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South Africa Corn and Wheat - Monthly Update 2004
USDA, March, 2004
South Africa’s, current, 2003 corn and wheat crops have both been damaged by drought. This was on top of severe cutbacks in the area planted mainly due to poor price prospects. The total area planted to corn dropped from 3.65 million hectares in 2002 to 3 million hectares in 2003. The 2003 crop is currently estimated at about 7 million tons, after 9.7 million tons were produced in 2002. A recent field trip in the company of a PECAD representative confirmed the general situation, although there is potential for the crop to increase after benefiting from February rains.

As a result of the smaller crop My2004/05 import needs are expected to jump to about 900,000 tons compared to the 200,000 tons estimated for the current season. The demand is for yellow corn, mainly from Argentina, which is able to comply with South Africa’s GMO requirements. For the 2004 crop to be planted from October this year, we see the area planted increase again to about 3.5 million hectares allowing a 9.3 million ton crop if weather conditions remain favorable. Because of the run down in stocks we still foresee a healthy import demand in 2005.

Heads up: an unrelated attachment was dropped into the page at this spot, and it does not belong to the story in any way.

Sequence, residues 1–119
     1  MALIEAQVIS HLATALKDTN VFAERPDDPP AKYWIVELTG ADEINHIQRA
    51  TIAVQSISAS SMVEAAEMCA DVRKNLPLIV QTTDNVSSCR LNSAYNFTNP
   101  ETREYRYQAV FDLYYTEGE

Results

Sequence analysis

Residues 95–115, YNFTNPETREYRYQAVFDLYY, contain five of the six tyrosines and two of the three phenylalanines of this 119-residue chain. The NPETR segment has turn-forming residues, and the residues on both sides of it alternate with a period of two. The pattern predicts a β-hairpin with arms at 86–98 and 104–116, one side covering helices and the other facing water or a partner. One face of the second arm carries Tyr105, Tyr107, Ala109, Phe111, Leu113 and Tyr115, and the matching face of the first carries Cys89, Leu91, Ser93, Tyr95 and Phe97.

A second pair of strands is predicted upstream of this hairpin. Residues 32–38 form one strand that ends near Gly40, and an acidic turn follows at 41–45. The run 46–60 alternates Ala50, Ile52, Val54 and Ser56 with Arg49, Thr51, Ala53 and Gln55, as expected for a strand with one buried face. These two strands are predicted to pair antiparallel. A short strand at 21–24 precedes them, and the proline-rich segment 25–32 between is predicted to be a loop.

South Africa’s 2003 wheat crop is currently estimated at 1.4 million tons after 2.4 million tons were produced in 2002. The decrease is mainly due to a cutback in area planted, and a drop in average yield. South Africa took advantage of the market and imported 870,000 tons in 2002/03, which created a 900,000 tons carry over. The big carry over helped cut back 2003/04 import needs to 1.2 million tons. About 300,000 tons is re-exported annually. For the 2004 crop to be planted from May this year we foresee a return to a bigger area planted allowing for a much better crop. Imports will still stay high in 2005.


Corn Production

The first official estimate of South Africa’s 2003 corn crop was released on February 19, (2003 referring to the year of planting). The total crop is estimated at about 7 million tons, 27% less than the 9.7 million 2002 crop. The total area planted declined by 18% due to a combination of market and weather factors. As a result of a late start to the rainy season, and a December/January dry spell, the average yield is also expected to decline by about 12%. Since the estimate was made on February 19, rainfall has improved considerably and the eventual crop could be higher. At this stage the main concern is early frost as many fields were planted late.

The current, FAS 2002, My 2003/04, season is likely to end with a carry over in excess of 2 million tons at the end of April 2004. This will consist mainly of white corn (1.9 million tons) as the production trend has shifted to white corn which now constitutes about two thirds of the area planted.